Define a clear scope for your designs

It’s important to work with other team members to establish clear boundaries for your project. By defining a clear scope for your designs, you can ensure the final results align well with user needs. With the correctly defined goals, you can create a win-win product for everyone involved. 

Prototyping designs 

After you finish doing the research and collecting the needed information, you can go ahead and start prototyping your user-centered designs. Start with a bare-bones wireframe and work from there. Validate your decisions at every step of your way. Create a user journey map that would help you visualize your users’ journey as they interact with your product.

After you create a draft of your design, start asking yourself the following relevant questions: 

  • Is your design accessible enough? You need to ensure that users can quickly and easily locate all the needed details as they browse your web page. 
  • Is it comprehensive enough? Users should easily understand what your design is about, what it aims and how to use it. The content should be readable enough, short, and sweet. 

Listen to users’ feedback

Analyze the effectiveness of your prototype through extensive user testing and feedback. Watch how users interact with your content, whether your project solves their primary issues, what went well or wrong in the design process, etc. You can gather more insights by using the user-centered design methods that we have discussed above. Some things might not work as smoothly as you expect them to be from the first time. The user-centered design process requires time and patience, which will provide you with the best results in the end. 

Iterate

Iterate as many times as it takes to reach the product that delights your users. If you discover there are elements in your design that require fixing or further improvement, you’d better build something that is better than the current version and keep iterating from there.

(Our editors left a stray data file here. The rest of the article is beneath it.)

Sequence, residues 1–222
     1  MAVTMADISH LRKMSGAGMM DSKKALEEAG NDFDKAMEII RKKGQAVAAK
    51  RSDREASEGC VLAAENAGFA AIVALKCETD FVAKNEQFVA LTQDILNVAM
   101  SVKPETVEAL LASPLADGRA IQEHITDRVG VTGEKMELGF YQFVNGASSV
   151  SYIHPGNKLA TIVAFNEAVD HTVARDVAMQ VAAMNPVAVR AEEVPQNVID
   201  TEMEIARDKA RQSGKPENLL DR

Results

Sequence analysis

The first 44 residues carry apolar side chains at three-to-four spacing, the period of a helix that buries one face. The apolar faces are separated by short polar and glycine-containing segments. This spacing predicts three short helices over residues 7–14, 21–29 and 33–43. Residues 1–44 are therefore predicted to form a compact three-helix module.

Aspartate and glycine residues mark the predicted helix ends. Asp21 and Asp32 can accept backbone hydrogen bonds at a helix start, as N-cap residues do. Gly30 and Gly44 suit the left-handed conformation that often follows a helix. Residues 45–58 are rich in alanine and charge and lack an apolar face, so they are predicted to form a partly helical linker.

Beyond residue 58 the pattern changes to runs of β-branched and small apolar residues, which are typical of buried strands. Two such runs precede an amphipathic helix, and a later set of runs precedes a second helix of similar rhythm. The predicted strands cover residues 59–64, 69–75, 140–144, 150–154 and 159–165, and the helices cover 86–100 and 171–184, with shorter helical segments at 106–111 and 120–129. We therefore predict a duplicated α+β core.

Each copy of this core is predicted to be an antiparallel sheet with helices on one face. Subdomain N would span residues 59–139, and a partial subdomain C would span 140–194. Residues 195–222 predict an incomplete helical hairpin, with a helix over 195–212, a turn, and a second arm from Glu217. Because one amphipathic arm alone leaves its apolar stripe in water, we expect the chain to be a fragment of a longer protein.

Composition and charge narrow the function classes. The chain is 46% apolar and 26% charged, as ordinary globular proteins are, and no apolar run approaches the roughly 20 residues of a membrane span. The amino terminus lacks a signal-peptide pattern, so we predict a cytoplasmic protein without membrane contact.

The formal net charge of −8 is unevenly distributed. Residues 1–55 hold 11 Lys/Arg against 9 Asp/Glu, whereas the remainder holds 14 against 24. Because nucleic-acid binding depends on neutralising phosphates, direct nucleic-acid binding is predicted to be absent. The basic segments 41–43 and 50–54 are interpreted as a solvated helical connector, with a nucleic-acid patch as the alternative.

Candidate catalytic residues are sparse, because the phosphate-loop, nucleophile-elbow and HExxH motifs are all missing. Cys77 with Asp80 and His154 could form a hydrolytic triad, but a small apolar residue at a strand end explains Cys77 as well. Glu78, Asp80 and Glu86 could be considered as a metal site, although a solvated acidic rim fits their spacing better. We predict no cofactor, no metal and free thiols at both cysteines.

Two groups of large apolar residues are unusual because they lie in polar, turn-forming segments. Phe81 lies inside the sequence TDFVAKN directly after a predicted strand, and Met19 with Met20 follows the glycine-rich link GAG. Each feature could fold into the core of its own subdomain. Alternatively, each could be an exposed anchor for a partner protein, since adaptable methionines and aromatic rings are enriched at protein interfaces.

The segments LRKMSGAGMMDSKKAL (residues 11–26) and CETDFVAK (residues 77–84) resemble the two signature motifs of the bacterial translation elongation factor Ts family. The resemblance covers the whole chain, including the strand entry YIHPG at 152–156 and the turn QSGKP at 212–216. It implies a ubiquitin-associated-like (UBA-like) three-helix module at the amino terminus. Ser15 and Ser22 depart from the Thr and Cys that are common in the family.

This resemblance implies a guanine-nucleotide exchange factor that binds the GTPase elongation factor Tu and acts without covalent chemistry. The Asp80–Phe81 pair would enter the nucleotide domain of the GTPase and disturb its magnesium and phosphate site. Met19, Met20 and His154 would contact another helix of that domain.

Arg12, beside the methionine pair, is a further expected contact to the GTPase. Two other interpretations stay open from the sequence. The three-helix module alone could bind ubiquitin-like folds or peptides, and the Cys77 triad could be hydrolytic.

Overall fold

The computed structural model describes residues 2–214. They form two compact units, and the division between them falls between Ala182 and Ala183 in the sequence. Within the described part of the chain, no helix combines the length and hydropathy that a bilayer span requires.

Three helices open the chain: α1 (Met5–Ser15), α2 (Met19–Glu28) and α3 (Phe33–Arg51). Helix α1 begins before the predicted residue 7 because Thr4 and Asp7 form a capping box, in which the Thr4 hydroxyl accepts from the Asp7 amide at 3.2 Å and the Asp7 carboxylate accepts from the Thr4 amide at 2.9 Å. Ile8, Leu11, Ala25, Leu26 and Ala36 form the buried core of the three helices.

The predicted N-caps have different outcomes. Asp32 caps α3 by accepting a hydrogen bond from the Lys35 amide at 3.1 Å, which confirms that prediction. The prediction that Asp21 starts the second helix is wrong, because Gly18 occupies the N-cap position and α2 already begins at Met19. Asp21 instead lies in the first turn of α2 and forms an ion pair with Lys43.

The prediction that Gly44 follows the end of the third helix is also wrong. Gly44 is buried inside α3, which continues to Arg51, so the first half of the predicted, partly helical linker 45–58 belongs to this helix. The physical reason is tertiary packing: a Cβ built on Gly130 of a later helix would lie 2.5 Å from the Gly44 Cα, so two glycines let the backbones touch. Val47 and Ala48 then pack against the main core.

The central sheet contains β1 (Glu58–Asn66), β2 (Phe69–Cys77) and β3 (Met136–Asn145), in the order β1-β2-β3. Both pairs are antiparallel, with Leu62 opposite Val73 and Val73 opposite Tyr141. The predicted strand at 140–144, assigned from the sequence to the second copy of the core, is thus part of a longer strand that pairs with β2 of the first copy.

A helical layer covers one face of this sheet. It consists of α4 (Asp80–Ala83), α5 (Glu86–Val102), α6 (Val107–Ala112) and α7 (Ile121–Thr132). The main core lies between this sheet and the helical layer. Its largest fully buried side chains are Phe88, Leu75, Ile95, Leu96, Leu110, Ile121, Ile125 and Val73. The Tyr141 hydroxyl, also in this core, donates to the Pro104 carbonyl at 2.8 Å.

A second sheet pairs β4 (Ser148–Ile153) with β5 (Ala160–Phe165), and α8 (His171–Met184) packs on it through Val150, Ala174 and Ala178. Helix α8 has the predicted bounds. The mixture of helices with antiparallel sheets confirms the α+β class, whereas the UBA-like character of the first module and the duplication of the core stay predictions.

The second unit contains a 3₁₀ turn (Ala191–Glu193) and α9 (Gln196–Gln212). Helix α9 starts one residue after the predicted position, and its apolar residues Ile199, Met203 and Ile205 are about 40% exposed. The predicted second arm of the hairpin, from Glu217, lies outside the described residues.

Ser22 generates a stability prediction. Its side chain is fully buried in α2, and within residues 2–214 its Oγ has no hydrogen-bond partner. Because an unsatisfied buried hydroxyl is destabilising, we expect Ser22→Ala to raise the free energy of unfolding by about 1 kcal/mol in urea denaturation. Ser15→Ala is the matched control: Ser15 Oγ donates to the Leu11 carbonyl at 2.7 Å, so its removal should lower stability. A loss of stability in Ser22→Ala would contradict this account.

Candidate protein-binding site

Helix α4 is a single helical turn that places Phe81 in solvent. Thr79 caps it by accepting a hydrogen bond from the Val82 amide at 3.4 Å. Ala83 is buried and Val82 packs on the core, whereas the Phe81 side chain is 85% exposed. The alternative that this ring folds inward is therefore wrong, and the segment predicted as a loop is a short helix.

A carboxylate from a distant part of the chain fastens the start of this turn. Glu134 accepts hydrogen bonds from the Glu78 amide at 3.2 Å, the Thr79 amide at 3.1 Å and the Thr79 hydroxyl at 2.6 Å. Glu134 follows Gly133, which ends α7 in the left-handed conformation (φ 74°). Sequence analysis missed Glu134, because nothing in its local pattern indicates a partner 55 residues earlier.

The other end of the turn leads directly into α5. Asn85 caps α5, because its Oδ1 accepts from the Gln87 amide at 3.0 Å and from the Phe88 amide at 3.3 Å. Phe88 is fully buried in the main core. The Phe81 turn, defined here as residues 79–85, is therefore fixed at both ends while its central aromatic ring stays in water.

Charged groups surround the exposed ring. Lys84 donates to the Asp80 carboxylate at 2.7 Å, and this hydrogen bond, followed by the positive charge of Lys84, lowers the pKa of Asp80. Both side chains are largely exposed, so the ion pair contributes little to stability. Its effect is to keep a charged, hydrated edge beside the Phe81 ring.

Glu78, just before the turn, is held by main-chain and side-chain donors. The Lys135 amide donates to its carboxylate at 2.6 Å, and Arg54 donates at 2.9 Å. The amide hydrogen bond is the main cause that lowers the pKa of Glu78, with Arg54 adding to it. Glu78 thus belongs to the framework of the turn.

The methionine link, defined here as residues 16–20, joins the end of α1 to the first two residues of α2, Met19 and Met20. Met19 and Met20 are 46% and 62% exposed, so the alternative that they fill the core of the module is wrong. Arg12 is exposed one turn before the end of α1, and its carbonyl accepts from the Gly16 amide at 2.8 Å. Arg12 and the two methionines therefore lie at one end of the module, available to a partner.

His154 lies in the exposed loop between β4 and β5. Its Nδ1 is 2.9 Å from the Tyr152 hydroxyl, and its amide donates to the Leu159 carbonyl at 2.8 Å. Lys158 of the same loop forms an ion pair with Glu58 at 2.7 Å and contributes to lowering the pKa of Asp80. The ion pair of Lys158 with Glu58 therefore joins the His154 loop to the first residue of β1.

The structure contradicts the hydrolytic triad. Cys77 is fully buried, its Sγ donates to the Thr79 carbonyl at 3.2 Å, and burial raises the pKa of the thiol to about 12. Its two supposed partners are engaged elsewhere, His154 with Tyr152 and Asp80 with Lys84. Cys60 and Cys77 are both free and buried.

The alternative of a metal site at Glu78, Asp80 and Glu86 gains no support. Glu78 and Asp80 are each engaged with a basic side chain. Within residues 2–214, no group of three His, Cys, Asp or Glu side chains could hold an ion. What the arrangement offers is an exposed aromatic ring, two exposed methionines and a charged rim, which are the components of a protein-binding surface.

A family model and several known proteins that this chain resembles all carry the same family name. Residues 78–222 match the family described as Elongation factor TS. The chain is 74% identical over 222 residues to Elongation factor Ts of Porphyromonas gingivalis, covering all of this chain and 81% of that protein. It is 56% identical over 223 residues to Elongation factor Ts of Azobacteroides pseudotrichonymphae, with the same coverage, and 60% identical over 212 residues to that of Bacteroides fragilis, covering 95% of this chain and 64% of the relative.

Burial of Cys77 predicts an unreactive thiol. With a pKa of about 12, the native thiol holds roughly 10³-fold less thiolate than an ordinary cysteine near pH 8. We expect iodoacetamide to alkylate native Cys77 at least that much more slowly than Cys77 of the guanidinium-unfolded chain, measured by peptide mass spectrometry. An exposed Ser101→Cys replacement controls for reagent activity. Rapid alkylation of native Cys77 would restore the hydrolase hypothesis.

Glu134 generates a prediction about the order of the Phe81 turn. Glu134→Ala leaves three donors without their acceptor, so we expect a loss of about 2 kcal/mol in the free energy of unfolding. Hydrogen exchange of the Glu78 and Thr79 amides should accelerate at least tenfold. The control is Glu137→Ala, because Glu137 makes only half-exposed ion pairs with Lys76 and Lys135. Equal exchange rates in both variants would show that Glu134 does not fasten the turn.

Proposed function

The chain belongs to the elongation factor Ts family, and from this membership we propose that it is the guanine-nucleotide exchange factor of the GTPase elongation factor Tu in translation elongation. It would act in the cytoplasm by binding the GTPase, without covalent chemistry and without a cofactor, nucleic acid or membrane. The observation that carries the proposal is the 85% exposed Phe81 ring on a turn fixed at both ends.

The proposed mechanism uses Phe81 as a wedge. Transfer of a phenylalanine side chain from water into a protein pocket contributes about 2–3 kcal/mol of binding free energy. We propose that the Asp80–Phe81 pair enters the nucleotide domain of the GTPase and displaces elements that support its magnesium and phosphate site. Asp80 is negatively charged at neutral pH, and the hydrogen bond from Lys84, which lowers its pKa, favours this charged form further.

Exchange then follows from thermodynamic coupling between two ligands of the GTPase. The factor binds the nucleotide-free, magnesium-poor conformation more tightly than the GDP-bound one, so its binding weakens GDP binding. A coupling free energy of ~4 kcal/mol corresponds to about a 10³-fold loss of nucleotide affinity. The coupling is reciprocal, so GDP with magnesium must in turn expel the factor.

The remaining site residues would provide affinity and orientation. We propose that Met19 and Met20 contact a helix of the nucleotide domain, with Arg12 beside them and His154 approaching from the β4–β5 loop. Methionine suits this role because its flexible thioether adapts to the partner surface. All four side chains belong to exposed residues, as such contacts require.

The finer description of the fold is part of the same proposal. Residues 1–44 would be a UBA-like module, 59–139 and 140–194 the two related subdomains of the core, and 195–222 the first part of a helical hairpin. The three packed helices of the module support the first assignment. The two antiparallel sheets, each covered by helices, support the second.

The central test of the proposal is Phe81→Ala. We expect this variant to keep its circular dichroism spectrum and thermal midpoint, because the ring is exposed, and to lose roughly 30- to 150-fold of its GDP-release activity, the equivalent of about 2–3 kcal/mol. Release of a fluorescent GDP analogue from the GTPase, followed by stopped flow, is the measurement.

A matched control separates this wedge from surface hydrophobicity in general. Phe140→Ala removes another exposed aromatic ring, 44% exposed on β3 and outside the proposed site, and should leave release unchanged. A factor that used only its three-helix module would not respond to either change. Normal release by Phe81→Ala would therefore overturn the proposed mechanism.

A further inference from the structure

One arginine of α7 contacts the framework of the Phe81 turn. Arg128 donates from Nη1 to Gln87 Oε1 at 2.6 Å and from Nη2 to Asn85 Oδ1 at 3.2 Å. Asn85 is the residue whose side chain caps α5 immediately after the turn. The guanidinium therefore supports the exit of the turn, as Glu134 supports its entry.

Do not be afraid to fail. Keep users at the forefront and you’ll have a well-polished user-centered design that keeps your project on track. 

Tools 

One of the ways to create user-centered designs is by using dedicated tools. There are many solutions available in the online community. Let’s consider the most popular ones. 

  • Hotjar is one of the best ways to visualize how users interact with your content. It provides you with heatmaps revealing the actual user behavior. Feedback forms and surveys provide you with an opportunity to establish better communication with the audience and get deeper insights into users’ needs. 
  • Reveall is a versatile platform that lets you put users at the center of your work. The user-centered design tool lets you automatically gather both quantitive and qualitative user data based on their feedback and research. The tool helps you visualize the findings through the stories and journeys that help you discover your customers’ needs. 
  • Figma is one more handy user-centered design tool that provides for better design collaboration, and prototyping. It’s the ultimate choice for team that need to brainstorm and develop their designs with the maximum comfort and efficiency. There are multiple built-in options intended to facilitate the collaboration, like sticky notes, diagrams, etc. 

By implementing a user-centered design process, you can create an awesome product that would appeal to your target users and help you achieve the desired results for your project. By putting users in the spotlight, you demonstrate your motivations and intentions. The method reveals that meeting the deadlines is not the highest priority for you. Instead, by communicating with the audience you can prioritize their needs and better understand their expectations.